- One day, her father had built a bonfire in the yard to burn refuse. The children loved to dance around it. Nathalie was warned by her mother not to jump over it, but of course she did and accidentally stepped into the fire and burned her leg. Her mother was angry and went to pick a switch to spank her, but her father told Sarah her not to switch her, she had already been punished enough by the fire. He went to the woods to pick medicinal leaves and vines and wrapped her leg in them. During her final illness, she so wanted her father to come and heal her. Bill only wished that her father could.
- When Nattie was little, she loved to play on the veranda that encircled the house. One day, she said to her older brother Harvey, "Haw-vy, play with me!" Harvey said, "what do you want to do?" to which Nattie replied, "I want to wun (run) awound (around) the wanda (veranda). Years later when Nat was grown up, Harvey would kid her in front of his friends and tell them, "this is my kid sister who wanted me to play with her and wun awound the wanda" which of course embarrassed her to no end.
- The family would go to the beach at Kawaihae and watch the cowboys loading cattle on the cattle ship anchored offshore. They would tie a number of cattle to the sides of a small boat and row or motor them (as they swam tied to the boat) out to the ship from the beach. The cattle would be hoisted out of the water in the air on a sling and put onto the cattle ship. Her mother would pack a picnic lunch to eat while they watched.
- Travel for the Lindsey family wasn't in a plane in the early days. Sarah and her children (mom included) would go by steerage between islands overnight from Hawaii to Oahu and back. They would sleep on the rear deck of the ship on blankets and Sarah would pack dinner for them in a pail including rice, fish, and poi.
- When the volcanoes erupted, one of the family's outings was to picnic at the lava flow site. They'd pack a nice lunch and sit and watch the lava flowing. They also would find a stick lying around, jab it into the lava flow, pull some out, and whirl the stick in the glob to make bowls. Being savvy Hawaiians, they knew they had to be alert and keep an eye on the direction and speed of the lava flow to make sure that Pele didn't trap them in her "fingers".
- Nat and her cousin Kamaile loved to go to the stream that ran nearby to catch pollywogs in their dresses and skirts. They brought them back to the house and put them in a can by the faucet. The next morning when they went to look for them, they were missing. She believed that her father had taken them, walked all the way back to the stream, and set them free. He told her, "Life is sacred. Do not catch living things for no good reason."
- Nat's home had a bamboo forest. Her sister Fanny and she loved playing house. They called on their father to make a tunnel in the bamboo forest. He cut the bamboo to make a kitchen, living room, and bedroom. They would lay pillows and blankets on the ground and nap in their bamboo house. She would cook rice outside or her mother would bring rice and egg sandwiches. Nat remembers that her mother didn't like it because they would sweat, running around, then go into the bamboo to lie down. Her mother was afraid they would get sick. Nat remembers her concerned mother once coming to cover her and Fanny with a blanket.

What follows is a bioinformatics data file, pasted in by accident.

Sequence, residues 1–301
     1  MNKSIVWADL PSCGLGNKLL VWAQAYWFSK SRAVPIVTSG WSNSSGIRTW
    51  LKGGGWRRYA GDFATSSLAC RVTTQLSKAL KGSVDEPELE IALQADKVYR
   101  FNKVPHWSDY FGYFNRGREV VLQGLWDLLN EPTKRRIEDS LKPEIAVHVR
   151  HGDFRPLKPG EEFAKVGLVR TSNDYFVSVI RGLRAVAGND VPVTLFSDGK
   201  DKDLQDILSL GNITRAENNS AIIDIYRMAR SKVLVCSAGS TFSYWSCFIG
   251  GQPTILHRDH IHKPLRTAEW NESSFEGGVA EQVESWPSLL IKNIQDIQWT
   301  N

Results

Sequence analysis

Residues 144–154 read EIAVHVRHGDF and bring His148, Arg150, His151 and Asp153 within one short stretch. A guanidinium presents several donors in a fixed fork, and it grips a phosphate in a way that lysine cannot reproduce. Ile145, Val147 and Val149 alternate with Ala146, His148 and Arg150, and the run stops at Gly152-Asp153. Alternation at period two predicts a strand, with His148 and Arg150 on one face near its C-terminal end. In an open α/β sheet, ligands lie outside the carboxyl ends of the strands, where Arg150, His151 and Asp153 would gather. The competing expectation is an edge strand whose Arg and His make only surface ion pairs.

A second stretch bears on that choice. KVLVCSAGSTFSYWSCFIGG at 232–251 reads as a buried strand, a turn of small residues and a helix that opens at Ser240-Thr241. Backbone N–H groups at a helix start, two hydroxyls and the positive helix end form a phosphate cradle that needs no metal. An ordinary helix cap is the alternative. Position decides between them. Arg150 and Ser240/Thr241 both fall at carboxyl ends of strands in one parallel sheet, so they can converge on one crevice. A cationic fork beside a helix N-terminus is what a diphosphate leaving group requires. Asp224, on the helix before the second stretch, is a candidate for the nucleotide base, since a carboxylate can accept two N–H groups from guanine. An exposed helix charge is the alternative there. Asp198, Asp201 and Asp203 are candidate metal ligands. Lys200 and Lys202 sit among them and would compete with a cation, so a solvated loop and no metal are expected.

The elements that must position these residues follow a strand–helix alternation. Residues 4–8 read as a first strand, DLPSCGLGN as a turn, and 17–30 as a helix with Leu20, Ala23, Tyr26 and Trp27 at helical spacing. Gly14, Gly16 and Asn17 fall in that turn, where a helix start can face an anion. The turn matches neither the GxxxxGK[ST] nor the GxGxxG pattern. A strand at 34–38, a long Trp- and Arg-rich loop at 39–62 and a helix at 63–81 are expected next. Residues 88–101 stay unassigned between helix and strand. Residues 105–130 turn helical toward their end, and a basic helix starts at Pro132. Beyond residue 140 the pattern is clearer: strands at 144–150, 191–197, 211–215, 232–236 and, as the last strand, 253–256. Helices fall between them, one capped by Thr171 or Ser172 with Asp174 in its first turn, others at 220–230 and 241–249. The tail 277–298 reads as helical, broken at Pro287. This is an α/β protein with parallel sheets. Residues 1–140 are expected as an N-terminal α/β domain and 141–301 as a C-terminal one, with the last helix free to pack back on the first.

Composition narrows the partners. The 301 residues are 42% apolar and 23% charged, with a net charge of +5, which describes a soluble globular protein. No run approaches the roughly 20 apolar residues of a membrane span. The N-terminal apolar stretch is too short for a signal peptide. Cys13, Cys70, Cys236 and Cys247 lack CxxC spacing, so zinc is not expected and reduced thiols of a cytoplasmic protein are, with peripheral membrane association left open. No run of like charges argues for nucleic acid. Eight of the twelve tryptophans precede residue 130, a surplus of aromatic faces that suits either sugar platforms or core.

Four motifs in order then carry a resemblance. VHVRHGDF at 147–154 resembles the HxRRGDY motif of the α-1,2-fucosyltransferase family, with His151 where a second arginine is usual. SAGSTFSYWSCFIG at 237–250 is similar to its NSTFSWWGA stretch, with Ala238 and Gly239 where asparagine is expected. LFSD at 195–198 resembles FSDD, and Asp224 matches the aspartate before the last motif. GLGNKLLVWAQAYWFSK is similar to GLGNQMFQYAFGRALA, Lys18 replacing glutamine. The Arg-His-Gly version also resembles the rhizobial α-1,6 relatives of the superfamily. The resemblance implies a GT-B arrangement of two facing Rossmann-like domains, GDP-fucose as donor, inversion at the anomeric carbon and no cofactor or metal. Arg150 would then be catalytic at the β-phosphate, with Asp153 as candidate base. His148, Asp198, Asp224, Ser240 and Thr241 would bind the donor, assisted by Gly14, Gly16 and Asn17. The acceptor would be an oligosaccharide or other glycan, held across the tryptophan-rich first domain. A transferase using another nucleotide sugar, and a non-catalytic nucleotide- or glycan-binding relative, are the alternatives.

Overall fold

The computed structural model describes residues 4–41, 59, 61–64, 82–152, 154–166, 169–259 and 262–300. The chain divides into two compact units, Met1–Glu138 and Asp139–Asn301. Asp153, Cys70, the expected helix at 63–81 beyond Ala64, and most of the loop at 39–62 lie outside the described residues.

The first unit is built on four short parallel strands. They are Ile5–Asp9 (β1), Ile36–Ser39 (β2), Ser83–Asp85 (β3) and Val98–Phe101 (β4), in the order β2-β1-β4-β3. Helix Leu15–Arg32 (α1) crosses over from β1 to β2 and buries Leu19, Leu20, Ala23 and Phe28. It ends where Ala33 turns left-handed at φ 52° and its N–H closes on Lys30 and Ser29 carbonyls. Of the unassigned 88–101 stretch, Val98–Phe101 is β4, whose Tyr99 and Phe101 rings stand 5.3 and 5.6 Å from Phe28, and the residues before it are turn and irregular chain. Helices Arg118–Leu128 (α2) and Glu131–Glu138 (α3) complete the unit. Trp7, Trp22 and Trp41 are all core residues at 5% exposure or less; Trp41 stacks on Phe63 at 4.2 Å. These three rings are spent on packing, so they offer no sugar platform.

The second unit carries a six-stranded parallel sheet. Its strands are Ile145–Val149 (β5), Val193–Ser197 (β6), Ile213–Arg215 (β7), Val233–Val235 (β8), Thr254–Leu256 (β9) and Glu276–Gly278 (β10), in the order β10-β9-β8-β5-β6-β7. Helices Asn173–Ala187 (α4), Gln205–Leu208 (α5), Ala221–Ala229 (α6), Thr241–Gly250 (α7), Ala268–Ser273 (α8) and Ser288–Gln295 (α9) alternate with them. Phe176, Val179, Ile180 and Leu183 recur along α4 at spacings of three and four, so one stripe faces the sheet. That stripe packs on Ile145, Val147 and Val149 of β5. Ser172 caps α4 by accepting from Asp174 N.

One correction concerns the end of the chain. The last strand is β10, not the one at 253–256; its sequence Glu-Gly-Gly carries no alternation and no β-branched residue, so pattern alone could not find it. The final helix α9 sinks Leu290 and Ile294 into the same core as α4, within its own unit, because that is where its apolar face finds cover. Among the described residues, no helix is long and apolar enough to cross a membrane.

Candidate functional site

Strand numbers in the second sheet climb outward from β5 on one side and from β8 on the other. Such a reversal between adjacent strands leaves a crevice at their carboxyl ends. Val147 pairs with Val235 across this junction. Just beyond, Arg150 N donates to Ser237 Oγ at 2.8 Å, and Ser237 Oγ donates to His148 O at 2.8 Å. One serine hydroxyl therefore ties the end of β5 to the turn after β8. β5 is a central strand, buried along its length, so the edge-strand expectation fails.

- Nat and Kamaile used to put on old gunny sacks and play shepherds. They would make a bed of leaves, put a doll in it, and sing Christmas carols - "We Three Kings". For presents for the manger, they would find marbles and paint matchboxes and put them by the baby Jesus.
- The churches in town were all grouped together in the same location - Mormon, Japanese, Protestant, Catholic. Hers was Congregational - Imiola. At Christmas, the church was full. Everybody came to her church at Christmas. She never went to the church of the Holy Rollers, because was afraid of them. She said later in life that, "I was a kid and didn't know any better."
- During Christmas, Imiola Church gave all the kids presents. Nat has never forgotten the oranges, apples, nuts, raisins, coloring books, crayolas, pencils, and writing pads she received for Christmas presents.
- In her musical family, mom sang soprano. Her other sisters sang tenor and alto. They were so good, everywhere they went, they were asked to perform.
- One of the recent times that Nat was in the hospital, she had her walkman and Hawaiian tapes to keep her company and to help keep her spirits up during her painful and difficult stays. She was in her hospital bed listening to a particular favorite when a nurse came in to check on her. At first, the nurse thought that Nat had become delirious - but then realized that she was only doing the hula hand motions to one of her favorite songs.
Nathalie is deeply missed by her family: husband William Paul Truitt, daughter Stephanie Lani Truitt, and son Robert Paul Truitt.
Nathalie's ashes have been laid to rest in the Lindsey family cemetery in Kamuela-Waimea, very close to cousin Anna Perry Fiske's ranch.